With Thanksgiving fast approaching, Americans everywhere are bracing for the opportunity to feast on their favorite holiday entrÈe: the turkey. Millions of turkeys will be purchased and eaten throughout the country without hesitation. But, before this festive bird is consumed at the Thanksgiving table, it was a living creature that had to be killed so that diners could enjoy its meat. And this is where all the trouble and abuse begins.
Contrary to popular belief, today’s turkeys are not raised on spacious farms with lush green grass, where they frolic merrily with other happy turkeys. Furthermore, many believe the turkeys are killed in a humane manner once their time comes to be served as dinner. Unfortunately, nothing could be further from the truth.
The overwhelming majority of turkeys produced in the United States are raised inside filthy, crowded factory farms in inhumane conditions. Turkeys in factory farms are housed indoors in dark rooms, crunched together with other turkeys. The animals have very little space and are given very little med
ical attention. Outrageously, the agricultural industry has gotten Congress to exempt them from the Animal Welfare Act. This exemption allows unspeakable abuses to occur, including painful death through horrible slaughter methods. Anyone that does not believe large scale animal abuse on this level can occur need only to Google factory farms online. If one chooses to do so, please be prepared to be outraged and saddened at what occurs to these historic animals, as well as other farm animals.
Jordan Brown grew up in a suburb of Sydney, Australia. Javier Uanini was also raised in the Southern Hemisphere, but on the other side of the world in Argentina. Yujin Park, Boram Kim and Adalla Kim all come from South Korea.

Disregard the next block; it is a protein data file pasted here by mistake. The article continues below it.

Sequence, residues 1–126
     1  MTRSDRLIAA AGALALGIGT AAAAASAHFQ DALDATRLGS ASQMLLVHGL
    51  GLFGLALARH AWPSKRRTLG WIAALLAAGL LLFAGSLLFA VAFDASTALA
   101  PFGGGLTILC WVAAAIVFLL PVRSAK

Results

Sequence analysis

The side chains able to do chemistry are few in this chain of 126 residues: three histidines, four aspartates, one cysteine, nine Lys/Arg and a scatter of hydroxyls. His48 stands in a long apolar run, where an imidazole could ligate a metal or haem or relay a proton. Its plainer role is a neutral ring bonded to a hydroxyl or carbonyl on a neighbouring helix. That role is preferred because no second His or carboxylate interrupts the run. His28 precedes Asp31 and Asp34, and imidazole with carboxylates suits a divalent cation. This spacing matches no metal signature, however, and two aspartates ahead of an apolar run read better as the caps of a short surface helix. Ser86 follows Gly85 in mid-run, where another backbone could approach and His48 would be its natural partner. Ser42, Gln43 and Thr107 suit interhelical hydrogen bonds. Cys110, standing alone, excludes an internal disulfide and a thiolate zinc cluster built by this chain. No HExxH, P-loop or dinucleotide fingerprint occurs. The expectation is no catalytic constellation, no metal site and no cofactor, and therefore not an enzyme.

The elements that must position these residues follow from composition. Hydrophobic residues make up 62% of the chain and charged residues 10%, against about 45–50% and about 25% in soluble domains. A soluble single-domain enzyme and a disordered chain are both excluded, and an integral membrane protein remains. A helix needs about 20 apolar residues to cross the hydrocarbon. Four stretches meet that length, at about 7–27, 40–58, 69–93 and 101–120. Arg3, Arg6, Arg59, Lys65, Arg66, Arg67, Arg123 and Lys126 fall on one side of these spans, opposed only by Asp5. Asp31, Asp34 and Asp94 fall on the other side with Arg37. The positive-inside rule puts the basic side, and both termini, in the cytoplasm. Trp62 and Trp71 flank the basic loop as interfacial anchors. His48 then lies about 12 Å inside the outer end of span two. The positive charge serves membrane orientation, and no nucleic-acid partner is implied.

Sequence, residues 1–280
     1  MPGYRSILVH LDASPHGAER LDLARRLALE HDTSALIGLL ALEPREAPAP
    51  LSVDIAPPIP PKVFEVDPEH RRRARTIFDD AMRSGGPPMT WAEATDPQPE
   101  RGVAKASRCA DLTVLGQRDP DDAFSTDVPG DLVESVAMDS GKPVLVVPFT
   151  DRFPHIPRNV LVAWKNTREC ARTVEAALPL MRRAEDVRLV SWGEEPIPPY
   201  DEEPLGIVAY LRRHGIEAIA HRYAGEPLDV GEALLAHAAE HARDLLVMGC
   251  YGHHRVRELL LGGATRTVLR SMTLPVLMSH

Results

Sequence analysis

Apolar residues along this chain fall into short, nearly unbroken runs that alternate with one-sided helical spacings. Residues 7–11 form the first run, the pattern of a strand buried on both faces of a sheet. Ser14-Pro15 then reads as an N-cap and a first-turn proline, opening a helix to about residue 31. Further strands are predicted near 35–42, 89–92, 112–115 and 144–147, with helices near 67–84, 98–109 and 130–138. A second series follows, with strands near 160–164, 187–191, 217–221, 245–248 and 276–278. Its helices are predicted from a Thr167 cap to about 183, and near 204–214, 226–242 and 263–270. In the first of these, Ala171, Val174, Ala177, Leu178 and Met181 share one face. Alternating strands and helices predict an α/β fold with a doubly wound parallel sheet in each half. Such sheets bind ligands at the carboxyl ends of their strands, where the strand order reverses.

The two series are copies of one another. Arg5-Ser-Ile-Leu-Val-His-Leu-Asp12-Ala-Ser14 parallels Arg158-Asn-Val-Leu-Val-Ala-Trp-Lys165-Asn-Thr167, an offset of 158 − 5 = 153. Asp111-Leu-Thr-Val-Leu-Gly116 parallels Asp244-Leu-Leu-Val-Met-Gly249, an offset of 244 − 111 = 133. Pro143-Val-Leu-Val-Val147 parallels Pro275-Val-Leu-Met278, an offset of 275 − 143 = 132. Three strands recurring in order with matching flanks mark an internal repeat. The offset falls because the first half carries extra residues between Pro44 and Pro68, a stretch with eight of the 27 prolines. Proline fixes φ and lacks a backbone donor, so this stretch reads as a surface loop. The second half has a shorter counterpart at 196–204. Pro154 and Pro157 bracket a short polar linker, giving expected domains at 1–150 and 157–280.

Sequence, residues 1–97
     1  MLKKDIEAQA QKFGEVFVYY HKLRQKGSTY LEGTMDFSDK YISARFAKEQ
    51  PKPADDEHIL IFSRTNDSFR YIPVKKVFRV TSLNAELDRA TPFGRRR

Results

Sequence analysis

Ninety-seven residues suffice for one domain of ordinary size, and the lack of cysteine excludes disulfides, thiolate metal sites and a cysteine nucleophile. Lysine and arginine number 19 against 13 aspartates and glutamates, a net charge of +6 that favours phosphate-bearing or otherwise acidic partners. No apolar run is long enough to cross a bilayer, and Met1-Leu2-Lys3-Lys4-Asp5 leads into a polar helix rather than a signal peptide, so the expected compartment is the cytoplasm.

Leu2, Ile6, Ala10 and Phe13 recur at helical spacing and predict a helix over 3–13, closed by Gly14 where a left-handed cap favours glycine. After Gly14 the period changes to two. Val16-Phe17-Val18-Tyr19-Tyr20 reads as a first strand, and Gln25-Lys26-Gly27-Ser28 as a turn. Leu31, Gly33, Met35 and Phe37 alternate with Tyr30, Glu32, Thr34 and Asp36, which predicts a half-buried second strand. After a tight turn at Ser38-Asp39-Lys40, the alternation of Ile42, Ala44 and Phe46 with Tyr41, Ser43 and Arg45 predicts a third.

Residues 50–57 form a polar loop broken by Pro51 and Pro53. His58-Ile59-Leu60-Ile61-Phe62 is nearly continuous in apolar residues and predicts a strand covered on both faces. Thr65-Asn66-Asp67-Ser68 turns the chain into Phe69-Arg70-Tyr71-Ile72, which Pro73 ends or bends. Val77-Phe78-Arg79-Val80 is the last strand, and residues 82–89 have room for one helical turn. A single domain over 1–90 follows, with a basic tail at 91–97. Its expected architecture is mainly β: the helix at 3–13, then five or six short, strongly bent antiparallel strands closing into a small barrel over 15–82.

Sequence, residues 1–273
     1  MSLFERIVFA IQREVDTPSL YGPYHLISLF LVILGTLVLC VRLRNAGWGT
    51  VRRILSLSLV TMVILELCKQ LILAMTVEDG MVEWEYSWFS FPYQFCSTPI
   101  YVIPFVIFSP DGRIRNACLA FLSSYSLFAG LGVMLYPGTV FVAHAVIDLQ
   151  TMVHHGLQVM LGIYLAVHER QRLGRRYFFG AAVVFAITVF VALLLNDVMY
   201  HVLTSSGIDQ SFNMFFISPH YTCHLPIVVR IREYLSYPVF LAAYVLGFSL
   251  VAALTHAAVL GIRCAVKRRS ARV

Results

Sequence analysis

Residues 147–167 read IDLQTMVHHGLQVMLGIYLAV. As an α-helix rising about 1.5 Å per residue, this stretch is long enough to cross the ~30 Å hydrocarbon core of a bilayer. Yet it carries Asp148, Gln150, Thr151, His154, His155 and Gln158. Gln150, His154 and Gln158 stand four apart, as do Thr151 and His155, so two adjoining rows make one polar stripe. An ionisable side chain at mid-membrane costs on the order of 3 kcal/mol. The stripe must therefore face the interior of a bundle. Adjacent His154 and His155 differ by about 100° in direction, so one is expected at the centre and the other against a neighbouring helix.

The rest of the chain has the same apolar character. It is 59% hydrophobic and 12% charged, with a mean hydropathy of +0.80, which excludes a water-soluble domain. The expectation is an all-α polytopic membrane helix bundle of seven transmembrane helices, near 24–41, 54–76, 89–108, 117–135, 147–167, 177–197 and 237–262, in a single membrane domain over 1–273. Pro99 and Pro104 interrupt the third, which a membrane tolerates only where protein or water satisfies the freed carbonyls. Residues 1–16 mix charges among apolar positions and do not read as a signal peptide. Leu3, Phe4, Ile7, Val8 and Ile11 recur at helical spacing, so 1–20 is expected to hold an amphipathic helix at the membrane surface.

The five of them don’t work or live together, but last Friday, they all sat at a table in the library of PS 254 in Richmond Hill preparing to speak to fourth-graders about where they come from, how life there differs from America and how it is similar.
Oh say, does that Star-Spangled Banner yet wave over Rego Park?
The Family Fruit Farm grocery store at 94-01 63 Drive had featured the flags of 22 different countries flying above its awning, but not until recently have two American flags joined the row of nations.
It’s Saturday morning in Jackson Heights. Outside the Renaissance Charter School at 81st Street and 37th Avenue, young children begin filing into the facility for class.
But there is little resistance to going into a classroom at 10 a.m. on a weekend. Instead, these kids, who range in age from 6 to 13, are excited and anticipatory.
(BPT) - Americans have come a long way in their acceptance of marijuana. Long gone are the days of “Reefer Madness,” the infamous 1936 movie that depicted a couple falling into addiction and ultimately – madness. Today, 58 percent of Americans favor the legalizing of pot for recreational use, according to an October 2013 Gallup poll.